Wall Street Journal's Scores

  • Movies
  • TV
For 2,091 reviews, this publication has graded:
  • 41% higher than the average critic
  • 2% same as the average critic
  • 57% lower than the average critic
On average, this publication grades 2.4 points lower than other critics. (0-100 point scale)
Average Movie review score: 59
Highest review score: 100 The Story of the Weeping Camel
Lowest review score: 0 Because I Said So
Score distribution:
2,091 movie reviews
  1. Mr. Hopkins gives the production what he was hired for. Whenever you wonder how much longer he can trade on Hannibal Lecter's special zest, the same answer comes up-a lot.
  2. This shabby enterprise gets so many things so wrong that it freezes your face into a cringe.
  3. Ms. Hudson makes the most of her role, even though that's not saying so very much -- the writing is terribly thin -- while John Corbett gives an unaccountably clumsy performance as a romantic pastor. Joan Cusack gets the funniest lines as Helen's sister, a model of boring mommyhood, but she also stops the movie dead in its tracks every time she plays a scene.
  4. Long after lice from her children's school infested Kate's scalp, I was scratching my head about why a 91-minute movie seemed so long. The answer came from reframing the question. Why was a string of sitcom problems stretched to 91 minutes?
  5. Mr. Chan proves yet again that he has the virtuosic grace -- and goofiness -- of any of the great clowns of the silent era, and a complete refusal to abide by the laws of gravity. Do let us be clear, however, that the movie's plot, minus a few roundhouse kicks, is straight out of the Scooby-Doo playbook.
  6. This noirish, sourish thriller left me unmoving as well as unmoved.
  7. Certainly trashy, but, stripped of Mr. Diesel's services and directed by John Singleton, it's a no-go Yugo in muscle-car sheet metal.
  8. This slapdash farce, arriving three decades after Sellers last inhabited the role, sustains a baseline of good will that often spikes into delight at Mr. Martin's beguiling nonsense.
  9. Wayne Kramer's interlocking saga of immigration in 21st-century America definitely crosses over, from workaday mediocrity to distinctive dreadfulness.
  10. Ms. Berry works hard in her role, generating some excitement in the course of her distress. But the story's convolutions can't cover a deficit of substance, or sense.
  11. Amelia Earhart is still missing.
  12. Quirky. Wacky. Offbeat. Outré. The words that come to mind regarding Paper Man might prompt you run in the opposite direction. And perhaps you should, except for the performances of Jeff Daniels and Emma Stone.
  13. Manages the dubious trick of being both execrable and boring.
  14. It's unlikely that a dinosaur wrote the script — the Writers Guild of America makes no provision for Cambrian membership — but this animated feature is dimwitted all the same. The title should be "Trudging With Dinosaurs" (in 2.5-D, for all the grandeur the glasses confer), because the only semblance of a plot is provided by a long migration to winter grounds.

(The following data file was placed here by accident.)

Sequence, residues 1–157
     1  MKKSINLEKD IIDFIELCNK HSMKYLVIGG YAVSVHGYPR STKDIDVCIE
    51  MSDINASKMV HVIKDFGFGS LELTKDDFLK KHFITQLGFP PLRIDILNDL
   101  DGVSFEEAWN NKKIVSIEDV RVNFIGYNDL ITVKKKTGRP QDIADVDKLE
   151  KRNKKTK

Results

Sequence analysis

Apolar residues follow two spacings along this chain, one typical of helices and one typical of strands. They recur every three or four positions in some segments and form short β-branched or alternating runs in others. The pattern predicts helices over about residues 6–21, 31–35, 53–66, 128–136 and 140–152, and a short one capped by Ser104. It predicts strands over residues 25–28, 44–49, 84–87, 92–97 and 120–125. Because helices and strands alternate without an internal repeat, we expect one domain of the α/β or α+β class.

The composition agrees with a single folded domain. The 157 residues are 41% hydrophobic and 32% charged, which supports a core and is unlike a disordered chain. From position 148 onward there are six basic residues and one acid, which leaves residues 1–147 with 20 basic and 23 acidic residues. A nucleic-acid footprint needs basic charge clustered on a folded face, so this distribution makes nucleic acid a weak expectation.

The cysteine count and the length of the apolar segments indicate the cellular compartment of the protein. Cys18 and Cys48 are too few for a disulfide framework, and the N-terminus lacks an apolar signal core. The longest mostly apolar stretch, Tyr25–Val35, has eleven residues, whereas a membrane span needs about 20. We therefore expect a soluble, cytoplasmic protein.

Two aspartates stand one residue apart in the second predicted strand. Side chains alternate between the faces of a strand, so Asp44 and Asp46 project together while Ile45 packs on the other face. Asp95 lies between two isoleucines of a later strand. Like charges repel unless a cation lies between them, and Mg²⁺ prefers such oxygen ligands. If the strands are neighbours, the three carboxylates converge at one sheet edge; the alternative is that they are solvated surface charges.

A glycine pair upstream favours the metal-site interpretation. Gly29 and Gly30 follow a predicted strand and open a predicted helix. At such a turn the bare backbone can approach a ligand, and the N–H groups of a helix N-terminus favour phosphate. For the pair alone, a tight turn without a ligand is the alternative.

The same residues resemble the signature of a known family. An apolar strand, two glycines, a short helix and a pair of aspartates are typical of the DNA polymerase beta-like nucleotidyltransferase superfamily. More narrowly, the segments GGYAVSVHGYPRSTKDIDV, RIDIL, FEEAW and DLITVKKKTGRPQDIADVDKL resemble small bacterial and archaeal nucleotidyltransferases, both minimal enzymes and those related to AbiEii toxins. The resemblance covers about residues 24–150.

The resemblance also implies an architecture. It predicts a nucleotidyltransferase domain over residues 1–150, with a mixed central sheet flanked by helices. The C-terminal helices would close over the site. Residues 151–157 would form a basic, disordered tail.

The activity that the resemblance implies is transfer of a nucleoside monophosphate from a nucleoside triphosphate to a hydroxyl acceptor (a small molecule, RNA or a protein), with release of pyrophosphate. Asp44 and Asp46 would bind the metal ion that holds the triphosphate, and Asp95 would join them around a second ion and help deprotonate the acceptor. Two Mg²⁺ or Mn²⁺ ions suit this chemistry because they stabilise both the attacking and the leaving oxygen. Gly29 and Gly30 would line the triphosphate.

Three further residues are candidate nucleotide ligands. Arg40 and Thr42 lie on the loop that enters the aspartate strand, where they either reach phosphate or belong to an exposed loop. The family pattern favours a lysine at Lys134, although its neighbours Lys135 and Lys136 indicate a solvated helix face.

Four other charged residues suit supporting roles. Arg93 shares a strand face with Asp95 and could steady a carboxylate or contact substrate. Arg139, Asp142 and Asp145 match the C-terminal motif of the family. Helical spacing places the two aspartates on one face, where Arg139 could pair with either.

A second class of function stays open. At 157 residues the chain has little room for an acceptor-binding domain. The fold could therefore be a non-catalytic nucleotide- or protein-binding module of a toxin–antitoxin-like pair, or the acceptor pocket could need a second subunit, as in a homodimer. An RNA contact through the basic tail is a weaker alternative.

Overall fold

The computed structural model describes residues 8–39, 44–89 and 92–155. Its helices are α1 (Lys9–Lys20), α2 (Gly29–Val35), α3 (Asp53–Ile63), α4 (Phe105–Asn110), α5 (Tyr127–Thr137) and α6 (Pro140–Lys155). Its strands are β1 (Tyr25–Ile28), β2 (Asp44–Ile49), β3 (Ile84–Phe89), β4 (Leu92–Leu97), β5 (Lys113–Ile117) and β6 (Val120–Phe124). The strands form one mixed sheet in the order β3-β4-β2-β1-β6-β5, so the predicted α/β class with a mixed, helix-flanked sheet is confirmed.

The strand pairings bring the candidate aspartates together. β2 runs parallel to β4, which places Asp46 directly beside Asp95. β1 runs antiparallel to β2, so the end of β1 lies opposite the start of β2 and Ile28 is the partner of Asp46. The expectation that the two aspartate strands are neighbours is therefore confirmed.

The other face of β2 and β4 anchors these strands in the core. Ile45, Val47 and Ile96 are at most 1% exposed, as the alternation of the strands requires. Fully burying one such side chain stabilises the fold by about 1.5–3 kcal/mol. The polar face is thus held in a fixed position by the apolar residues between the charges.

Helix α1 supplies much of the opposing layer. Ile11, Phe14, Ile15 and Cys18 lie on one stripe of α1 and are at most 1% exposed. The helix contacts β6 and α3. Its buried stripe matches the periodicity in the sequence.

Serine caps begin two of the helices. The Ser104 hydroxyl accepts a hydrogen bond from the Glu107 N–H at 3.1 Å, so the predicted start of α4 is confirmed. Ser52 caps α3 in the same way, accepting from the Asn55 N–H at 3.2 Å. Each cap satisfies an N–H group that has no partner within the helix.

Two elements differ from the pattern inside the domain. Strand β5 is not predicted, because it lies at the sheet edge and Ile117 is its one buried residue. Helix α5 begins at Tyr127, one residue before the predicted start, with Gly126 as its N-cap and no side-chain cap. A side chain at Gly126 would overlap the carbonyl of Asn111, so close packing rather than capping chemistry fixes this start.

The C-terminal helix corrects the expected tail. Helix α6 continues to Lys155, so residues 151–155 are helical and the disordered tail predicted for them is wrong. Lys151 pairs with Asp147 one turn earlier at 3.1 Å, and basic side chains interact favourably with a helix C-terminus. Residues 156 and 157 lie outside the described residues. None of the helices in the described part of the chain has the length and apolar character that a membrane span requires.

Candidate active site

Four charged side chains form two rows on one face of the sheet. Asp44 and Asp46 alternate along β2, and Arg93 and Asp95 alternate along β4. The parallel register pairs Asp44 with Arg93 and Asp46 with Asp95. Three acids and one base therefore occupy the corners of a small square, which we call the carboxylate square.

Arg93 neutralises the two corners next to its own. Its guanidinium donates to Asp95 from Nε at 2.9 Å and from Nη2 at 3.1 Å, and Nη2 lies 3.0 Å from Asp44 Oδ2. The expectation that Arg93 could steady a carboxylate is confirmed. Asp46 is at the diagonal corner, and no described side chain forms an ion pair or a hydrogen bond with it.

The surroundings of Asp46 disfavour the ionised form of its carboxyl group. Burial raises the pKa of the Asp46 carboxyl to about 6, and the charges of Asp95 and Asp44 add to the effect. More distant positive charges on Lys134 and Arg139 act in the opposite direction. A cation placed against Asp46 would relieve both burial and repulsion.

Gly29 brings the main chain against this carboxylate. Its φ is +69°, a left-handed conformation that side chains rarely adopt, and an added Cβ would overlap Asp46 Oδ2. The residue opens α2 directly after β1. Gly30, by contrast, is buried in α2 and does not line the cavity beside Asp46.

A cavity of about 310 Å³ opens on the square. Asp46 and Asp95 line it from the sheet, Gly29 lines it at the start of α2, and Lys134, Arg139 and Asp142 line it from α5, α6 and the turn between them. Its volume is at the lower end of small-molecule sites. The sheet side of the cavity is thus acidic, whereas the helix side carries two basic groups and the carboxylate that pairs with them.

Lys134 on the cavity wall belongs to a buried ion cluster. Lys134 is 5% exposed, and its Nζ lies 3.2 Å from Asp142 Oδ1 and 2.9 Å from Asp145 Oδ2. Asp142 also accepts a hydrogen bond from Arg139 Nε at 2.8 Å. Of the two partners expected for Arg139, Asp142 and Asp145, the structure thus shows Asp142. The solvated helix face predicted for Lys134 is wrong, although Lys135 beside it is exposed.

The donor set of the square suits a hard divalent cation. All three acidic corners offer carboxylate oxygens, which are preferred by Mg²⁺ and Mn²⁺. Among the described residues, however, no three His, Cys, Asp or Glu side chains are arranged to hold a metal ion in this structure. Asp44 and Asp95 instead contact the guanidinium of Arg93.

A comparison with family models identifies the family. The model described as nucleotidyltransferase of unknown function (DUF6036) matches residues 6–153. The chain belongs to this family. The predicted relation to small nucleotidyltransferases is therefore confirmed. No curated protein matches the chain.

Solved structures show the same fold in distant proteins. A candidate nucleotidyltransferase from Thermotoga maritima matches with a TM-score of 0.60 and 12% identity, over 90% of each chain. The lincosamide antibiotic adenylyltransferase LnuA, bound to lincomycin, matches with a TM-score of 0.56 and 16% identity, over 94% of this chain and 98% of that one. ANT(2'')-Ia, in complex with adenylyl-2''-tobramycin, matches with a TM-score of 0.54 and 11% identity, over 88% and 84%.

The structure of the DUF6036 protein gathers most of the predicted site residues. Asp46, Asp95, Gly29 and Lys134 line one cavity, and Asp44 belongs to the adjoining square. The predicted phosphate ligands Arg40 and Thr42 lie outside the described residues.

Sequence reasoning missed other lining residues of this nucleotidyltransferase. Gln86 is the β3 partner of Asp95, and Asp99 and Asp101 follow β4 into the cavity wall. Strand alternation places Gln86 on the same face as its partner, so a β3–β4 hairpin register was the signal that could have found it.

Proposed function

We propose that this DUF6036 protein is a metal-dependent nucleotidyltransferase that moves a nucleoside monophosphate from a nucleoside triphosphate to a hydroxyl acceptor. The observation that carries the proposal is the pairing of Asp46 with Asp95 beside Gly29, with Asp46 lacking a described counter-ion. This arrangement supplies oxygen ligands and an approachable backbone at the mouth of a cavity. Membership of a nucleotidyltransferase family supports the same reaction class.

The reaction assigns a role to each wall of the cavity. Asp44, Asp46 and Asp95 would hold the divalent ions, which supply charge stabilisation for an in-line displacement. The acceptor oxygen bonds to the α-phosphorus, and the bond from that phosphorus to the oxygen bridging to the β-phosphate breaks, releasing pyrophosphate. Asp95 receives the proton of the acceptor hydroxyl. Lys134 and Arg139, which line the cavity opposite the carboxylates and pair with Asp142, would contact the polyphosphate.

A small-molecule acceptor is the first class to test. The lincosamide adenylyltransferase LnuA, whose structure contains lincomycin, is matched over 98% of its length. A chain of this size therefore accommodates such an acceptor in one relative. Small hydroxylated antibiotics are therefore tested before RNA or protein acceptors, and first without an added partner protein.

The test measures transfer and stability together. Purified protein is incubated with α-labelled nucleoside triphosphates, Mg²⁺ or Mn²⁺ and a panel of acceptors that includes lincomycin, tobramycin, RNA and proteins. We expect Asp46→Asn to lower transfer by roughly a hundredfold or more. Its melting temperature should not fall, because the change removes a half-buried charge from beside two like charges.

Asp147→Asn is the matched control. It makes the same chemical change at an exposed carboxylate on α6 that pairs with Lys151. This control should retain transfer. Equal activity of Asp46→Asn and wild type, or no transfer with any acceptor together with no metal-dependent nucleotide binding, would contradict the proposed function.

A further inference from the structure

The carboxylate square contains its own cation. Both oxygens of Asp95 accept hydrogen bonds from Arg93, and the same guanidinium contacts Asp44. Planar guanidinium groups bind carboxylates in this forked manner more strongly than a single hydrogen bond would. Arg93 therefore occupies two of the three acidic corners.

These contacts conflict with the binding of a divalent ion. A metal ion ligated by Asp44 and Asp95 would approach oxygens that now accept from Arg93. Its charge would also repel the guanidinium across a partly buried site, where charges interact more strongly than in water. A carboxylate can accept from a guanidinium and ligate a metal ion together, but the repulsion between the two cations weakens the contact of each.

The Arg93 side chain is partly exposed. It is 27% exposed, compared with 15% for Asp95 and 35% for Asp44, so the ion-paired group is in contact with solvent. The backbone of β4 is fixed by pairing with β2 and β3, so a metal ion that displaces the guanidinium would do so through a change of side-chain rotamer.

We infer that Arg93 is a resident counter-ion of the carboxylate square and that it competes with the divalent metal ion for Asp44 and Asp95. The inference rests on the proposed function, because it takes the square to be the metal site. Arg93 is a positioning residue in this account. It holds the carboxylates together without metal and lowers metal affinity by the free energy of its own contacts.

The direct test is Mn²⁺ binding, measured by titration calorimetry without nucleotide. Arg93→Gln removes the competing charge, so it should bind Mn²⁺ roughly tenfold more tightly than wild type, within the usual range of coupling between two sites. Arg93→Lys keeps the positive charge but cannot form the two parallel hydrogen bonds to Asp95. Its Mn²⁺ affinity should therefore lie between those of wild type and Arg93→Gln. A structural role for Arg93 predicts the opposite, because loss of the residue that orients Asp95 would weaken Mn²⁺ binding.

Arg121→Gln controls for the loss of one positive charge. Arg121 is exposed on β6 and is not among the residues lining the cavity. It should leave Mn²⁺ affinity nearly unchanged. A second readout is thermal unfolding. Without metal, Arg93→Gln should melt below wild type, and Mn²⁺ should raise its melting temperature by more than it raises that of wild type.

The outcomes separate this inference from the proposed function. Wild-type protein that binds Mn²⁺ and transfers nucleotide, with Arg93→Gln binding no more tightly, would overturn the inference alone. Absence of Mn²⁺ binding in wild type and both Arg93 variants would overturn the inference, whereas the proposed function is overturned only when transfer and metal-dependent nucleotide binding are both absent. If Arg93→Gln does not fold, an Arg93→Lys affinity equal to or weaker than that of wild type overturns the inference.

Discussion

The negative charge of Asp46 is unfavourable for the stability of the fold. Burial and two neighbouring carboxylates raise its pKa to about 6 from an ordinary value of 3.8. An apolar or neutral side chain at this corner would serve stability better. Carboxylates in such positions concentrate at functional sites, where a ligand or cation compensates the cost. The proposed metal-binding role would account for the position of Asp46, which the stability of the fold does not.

15. This woefully botched mystery-adventure-thriller-caper-romance-comedy, or whatever it was meant to be, is no fun at all.
  16. Certainly grows in its own right, into a coarse-grained summer vaudeville that could have been much smarter and sharper without losing its target audience.
  17. A rube's-eye view of Hollywood, but the rube is weary, and those around him seem to be suffering from terminal torpor.
  18. Some of the action sequences, and a few of the performances, are enjoyable enough to make up for the dialogue, which has been upgraded to cheerfully absurd, and the plot, which has been simplified to the point of actual coherence.
  19. Johnny Depp's Tonto wears a dead crow on his head in The Lone Ranger. The star himself carries a dead movie on his shoulders.
  20. This is movie-making by and for dummies, a sappy little bible story, blissed out on its own ineptitude.
  21. Given the importance of that subject, the real mystery of Mr. Lee's movie is why it's so diffuse, dispirited, emotionally distanced and dramatically inert.
    • 37 Metascore
    • 10 Critic Score
    In under two hours, the synthetic, insufferable I Now Pronounce You Chuck and Larry manages to insult gays, straights, men, women, children, African-Americans, Asians, pastors, mailmen, insurance adjusters, firemen, doctors -- and fans of show music. That's championship stuff.
  22. Lest my own reaction be misconstrued, let me explain that I didn't like a single one of these insufferable narcissists, the kid included.
  23. What a botch. All the King's Men, a remake of Robert Rossen's classic 1949 film about the rise and fall of a Southern demagogue, has no center, no coherence, no soul and no shame.
  24. Sorry excuse for political satire.
  25. Mr. Crystal underplays his role wisely and well, while Mr. De Niro parodies -- maybe the better word is pillages -- himself and his career with scary gusto.
  26. A gothic thriller called Cold Creek Manor extrudes an 80-minute idea -- I may be overgenerous here -- into 118 minutes that feel like an eternity.
    • 37 Metascore
    • 60 Critic Score
    Directed by E. Elias Merhige, the film is never less than entertaining, but Sir Ben's portrayal of a sympathetic psychopath gives it a special zing.
  27. Only God Forgives would seem to be a parody of something or other — "Blue Velvet"? "Last Year At Marienbad"? — except that the film takes itself seriously to the point of suffocation in telling its lurid tale of slaughter and revenge.
  28. The script's foolish contrivances crush its content.

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